I'm giving you any of the lines below in exchange for a clunker of your own. Find a line from a poem you've revised or meant to but never got around to revising. 

I will gladly take your clunker and turn it into something new if you take one of mine and do the same. Please and thank you.

Photo Source: Jerry Lofaro


  •  again the notion that with
  • How to write a peace poem
  • into another world
  • only sure of light pushing her brush
  • She is gone and she is there
  • You listening,/my face deep in shadowed spaces
  • In the sunroom, our old lady faces
  • weave our own cloth. I go
  • pattern belong to each other
  • under an electric wire salad slaw
  • paints like it’s an epiphany
  • My only flaw and freedom
  • Just a little puff of spray for interaction
  • It’s an engineer’s puzzle niche
  • What is Autumn to the bee?
  • you’ve lost your way up ahead lies harm
  • wrapped up in a gift box, bag or stocking stash
  •  Joy as a prairie poppy
  • more a drawer of worlds
  • are my eyes in the mirror like his?
  • thinned and whisper wept–
  • with large or small emptiness–air space
  • I could see that the group wasn’t really helping me
  • The window radiator / sure made a bumpy seat
  • the lightning truck keys
  • You are sad and relieved at the same time
  • pinning another year into memory
  • A band that relegates bright
  • What are the odds/That you would be/The less than six degrees
  • Sunshine and short shorts
  • joy is a choice / Still I struggle
  • a dandelion dotted day
  • weedy dirt patch of writing /should never see the light of day. 

Don't forget to respond with a line of poetry from your stash that I can play with and write into something new. Remember, blogger marks some comments as anonymous. Make sure your name shows up so I can give credit to our masterpiece later. Ha!

I'm hosting the round-up this week. Please leave your links below. If you aren't familiar with Poetry Friday, check out this description here. Jump in!

Mr. Linky's Widget

Thursday, May 2, 2024

Writing from the poem of another poet

Hello May Poets,

Isn't it wonderful to be alive in May?

This month, it's my turn to challenge the Inklings to stretch with  poetry. The challenge below came from listening to Commonplace. Conversations with Poets (and other people). 

This Prompt was inspired by Episode 122: Reading Nicole Sealey’s The Ferguson Report: An Erasure

1. Label a copy of one of your poems ‘May Inkling Challenge’

2. Share a copy of your May Inkling Challenge with other members (CHANGED TO ONE OTHER MEMBER) of the group. You can snail mail or share via Google Docs.

3. Spend some time reading the poem

4. Fiddle with, play with, tinker, tear apart, be inspired or stumped by the poem shared with you

5. Write at least one poem for sharing on PF that stems from your reading/writing time on the first Friday of May

6. OR, (Going rogue is fine too)Write a poem in response to another’s reading/writing from your original shared poem.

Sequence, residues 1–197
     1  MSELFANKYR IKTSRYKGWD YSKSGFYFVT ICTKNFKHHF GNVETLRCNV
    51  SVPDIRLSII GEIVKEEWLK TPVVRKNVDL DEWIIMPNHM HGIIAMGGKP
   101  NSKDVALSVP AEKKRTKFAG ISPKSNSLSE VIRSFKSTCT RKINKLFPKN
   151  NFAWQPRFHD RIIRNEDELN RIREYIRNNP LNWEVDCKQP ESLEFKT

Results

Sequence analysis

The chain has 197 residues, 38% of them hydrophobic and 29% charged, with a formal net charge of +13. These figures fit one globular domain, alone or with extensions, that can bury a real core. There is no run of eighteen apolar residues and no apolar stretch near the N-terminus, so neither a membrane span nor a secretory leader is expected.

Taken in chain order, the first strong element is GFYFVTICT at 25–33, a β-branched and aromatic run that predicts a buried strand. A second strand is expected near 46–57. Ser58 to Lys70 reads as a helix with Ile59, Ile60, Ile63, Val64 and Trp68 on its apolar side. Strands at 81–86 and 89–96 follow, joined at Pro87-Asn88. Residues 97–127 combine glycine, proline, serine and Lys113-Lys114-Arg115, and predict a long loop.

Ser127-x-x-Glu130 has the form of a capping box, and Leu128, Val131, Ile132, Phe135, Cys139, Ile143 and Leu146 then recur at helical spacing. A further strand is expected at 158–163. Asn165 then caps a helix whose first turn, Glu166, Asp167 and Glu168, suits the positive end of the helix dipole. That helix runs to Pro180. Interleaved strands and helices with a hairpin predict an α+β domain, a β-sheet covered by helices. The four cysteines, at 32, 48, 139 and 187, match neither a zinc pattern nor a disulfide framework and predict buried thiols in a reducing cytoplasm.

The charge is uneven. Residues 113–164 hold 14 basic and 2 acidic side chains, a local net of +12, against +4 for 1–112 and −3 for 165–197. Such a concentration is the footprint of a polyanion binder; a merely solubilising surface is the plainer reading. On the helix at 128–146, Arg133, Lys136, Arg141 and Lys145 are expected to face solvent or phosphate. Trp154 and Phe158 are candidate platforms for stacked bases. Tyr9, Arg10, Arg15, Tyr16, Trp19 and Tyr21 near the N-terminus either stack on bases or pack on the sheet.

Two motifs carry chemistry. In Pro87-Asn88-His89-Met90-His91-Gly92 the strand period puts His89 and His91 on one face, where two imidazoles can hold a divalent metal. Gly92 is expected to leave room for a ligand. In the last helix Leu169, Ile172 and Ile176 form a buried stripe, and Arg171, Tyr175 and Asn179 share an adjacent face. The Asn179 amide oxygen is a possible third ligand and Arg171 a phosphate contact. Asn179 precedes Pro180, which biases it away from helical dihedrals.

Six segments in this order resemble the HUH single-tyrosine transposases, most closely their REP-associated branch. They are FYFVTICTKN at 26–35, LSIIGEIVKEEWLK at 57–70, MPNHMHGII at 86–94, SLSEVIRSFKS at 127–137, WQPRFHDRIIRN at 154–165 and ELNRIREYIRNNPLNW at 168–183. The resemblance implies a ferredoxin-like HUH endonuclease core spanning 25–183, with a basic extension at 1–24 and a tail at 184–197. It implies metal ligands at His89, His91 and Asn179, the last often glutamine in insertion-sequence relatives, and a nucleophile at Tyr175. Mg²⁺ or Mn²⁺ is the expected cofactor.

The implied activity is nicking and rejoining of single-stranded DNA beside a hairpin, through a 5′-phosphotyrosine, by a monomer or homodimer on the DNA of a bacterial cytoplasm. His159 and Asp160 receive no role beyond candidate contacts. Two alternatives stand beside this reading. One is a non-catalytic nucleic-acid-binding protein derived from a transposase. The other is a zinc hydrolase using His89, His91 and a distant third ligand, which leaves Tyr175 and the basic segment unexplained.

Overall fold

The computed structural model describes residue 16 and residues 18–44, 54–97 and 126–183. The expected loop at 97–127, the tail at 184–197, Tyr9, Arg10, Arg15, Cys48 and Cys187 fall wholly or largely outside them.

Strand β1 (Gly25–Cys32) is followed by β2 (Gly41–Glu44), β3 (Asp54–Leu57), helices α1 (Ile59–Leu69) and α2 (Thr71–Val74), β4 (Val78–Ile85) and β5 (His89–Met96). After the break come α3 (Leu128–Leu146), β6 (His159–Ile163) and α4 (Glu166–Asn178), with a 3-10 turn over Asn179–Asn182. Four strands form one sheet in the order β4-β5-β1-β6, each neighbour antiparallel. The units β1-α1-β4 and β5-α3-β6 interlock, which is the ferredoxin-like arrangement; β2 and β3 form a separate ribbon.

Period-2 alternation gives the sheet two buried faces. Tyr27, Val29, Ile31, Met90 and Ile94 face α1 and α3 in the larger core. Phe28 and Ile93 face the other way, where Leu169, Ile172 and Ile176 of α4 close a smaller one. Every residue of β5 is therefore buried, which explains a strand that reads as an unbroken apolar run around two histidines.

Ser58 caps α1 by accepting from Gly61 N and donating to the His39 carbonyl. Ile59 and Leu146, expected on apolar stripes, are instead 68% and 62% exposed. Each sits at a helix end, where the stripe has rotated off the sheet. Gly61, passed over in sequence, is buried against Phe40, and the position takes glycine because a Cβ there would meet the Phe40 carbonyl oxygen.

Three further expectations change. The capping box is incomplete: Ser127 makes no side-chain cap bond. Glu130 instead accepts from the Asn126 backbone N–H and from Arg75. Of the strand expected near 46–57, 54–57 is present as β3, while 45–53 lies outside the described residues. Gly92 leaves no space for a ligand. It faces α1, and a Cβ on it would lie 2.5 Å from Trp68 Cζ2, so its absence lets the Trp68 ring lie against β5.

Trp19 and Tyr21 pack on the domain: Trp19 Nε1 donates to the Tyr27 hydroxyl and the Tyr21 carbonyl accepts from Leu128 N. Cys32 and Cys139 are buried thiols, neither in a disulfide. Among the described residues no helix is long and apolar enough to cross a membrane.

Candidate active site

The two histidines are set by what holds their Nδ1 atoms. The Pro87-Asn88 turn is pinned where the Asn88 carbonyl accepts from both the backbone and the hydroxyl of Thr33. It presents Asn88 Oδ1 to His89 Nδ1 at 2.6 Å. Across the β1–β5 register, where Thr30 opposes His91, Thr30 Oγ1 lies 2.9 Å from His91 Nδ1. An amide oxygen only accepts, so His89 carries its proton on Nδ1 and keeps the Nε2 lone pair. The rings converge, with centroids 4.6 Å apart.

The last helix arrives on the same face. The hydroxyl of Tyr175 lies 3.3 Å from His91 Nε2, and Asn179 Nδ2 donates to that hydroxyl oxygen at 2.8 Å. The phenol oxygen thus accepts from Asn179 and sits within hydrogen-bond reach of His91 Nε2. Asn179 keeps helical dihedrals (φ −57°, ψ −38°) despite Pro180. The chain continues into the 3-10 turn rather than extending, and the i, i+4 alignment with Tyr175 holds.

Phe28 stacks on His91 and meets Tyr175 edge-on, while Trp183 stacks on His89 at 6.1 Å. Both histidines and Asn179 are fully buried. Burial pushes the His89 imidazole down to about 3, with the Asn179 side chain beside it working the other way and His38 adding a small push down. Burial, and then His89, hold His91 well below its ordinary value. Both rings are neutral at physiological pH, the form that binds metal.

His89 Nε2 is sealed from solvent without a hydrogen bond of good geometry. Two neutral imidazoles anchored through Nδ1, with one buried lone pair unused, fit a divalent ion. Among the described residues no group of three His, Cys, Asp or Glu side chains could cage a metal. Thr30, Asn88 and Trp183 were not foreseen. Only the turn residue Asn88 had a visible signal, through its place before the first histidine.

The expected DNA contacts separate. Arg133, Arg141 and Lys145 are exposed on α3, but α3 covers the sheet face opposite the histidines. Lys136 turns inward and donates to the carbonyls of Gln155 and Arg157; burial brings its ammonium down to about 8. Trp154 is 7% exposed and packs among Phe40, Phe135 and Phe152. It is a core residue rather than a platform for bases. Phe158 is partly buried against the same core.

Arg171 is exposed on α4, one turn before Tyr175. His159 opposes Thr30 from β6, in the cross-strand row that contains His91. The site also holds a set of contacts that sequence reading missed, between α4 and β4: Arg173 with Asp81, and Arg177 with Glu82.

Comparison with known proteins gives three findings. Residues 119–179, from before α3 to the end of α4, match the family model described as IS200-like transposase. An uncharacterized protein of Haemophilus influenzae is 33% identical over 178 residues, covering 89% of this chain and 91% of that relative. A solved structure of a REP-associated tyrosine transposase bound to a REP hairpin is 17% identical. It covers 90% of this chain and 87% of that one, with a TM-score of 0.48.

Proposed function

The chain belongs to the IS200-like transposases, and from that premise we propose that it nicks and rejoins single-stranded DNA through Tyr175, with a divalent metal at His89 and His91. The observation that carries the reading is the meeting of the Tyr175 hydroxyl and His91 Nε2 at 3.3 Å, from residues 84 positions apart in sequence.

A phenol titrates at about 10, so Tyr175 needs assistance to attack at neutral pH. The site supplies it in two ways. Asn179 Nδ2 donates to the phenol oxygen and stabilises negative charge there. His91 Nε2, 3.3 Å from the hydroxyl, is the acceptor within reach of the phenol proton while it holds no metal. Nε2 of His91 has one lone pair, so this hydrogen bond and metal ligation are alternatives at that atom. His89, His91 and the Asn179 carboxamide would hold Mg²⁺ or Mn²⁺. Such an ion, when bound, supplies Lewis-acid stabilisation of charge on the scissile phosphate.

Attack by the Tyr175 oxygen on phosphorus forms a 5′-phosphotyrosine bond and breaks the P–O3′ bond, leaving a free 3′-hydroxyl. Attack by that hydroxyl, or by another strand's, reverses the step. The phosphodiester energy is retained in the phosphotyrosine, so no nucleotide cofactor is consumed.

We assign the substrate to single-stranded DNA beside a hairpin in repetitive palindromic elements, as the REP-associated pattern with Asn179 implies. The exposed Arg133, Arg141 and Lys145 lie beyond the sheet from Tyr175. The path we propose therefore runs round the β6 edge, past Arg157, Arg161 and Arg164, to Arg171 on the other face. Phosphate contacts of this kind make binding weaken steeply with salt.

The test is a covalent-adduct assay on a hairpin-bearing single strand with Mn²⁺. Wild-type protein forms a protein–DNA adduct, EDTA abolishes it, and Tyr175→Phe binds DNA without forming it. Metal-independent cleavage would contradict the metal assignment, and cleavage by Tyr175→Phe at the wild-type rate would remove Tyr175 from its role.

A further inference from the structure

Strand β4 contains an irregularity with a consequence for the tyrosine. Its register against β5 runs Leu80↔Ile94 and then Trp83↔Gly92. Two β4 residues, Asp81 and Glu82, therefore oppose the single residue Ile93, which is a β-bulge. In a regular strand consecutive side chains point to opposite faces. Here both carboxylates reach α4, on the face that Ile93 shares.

After our group swapped names and poems, I received a poem from Catherine. It's a poem she has already published at Reading to the Core. I spent some time reading the poem silently and aloud and thinking about it.

These days, I'm enjoying how poetic form constraints can lead to surprises in writing. I turned to constraints for this challenge and limited myself to the word garden of Catherine's original work to make new poems. Except for a Golden Shovel poem. I used only the words of her original to create:

  • haiku series
  • blended with a nursery rhyme
  • elfchen
  • pensee
  • trinet
  • nonet
  • golden shovel (a striking line from the original)

Catherine's original:

In the before times,

when the world still fed on dreams,

forests filled with

hazel, hawthorn,

oak and ash

spread across the land,

sharing their gifts with all.

But dark clouds of greed

Descended on the forest.

The timeless rhythms of 

hazel, hawthorn,

oak and ash

were drowned out the the

thwack, thwack, thwack,

Of the axe.

The forest thinned

and wept.

And the world forgot

How to dream.

The forest remembers

Those dreams.

They whisper to us

On the wind

Of hazel, hawthorn,

Oak and ash.

Be still.


They’re waiting for you.

Catherine Flynn, © 2022

Isn't the repetition of of /hazel, hawthorrn oak, and ash just dreamy?

I took that line from the second stanza as my striking line for this golden shovel.


… rhythms of hazel, hawthorn, oak and ash spread across the land

Once, rhythms


wisdom circled magically in a hazel

tree who passed it to a hawthorn

who shared it with the wise old oak 

who recorded what she could with her many rings. And 

now in our manicured cities of flowering pear and ash

we forget the healing, the magic. Spread

a blanket under an old tree. Gaze up and across

its mesmerizing canopy. Feel once more the

enchantment, the rhythm that makes us one with the land

Linda Mitchell 5/1

For more inkling responses to this prompt, visit

Catherine at Reading to the Core
Margaret at Reflections on the Teche
Heidi at My Juicy Little Universe
Mary Lee at A(nother) Year of Reading
Molly at Nix the Comfort Zone

Last but not least, there's another WORLD poem up on the padlet. Hooray!

Thank you Buffy Silverman for hosting our round-up this week. I'm looking forward to reading lots of new and interesting poems.

Next week, I host the Poetry Friday round-up. I'll be hosting my now annual clunker exchange. Stay tuned!

Thursday, April 25, 2024

She Was a Dancer Though

Hello Poetry Friends,

April is just wonderful! Lots of poetry and lots of celebrating school library--our students, our books, and our lessons. I've been exchanging fun book-ish gifts with a secret school librarian pal.

Here's a quick poem sparked by a recent visit to the Denver Art Museum and Irene's sharing of the Abracadabra (aka Magic 9)form on her blog last week. I love a new form. This one is fun to play with. 

At the Art Museum

Years ago, she was a dancer, though

not in a professional way

Sometimes fast, sometimes slow
arms outstretched to invite
the whole world to her tempo

And she wore a bonnet when she danced

that fell back against her curls sideways. Gone now, her dancing joy still moves me so

There's a new poem on WORLD's padlet...the poems are piling up!

Thank you, Ruth, for hosting our round-up today!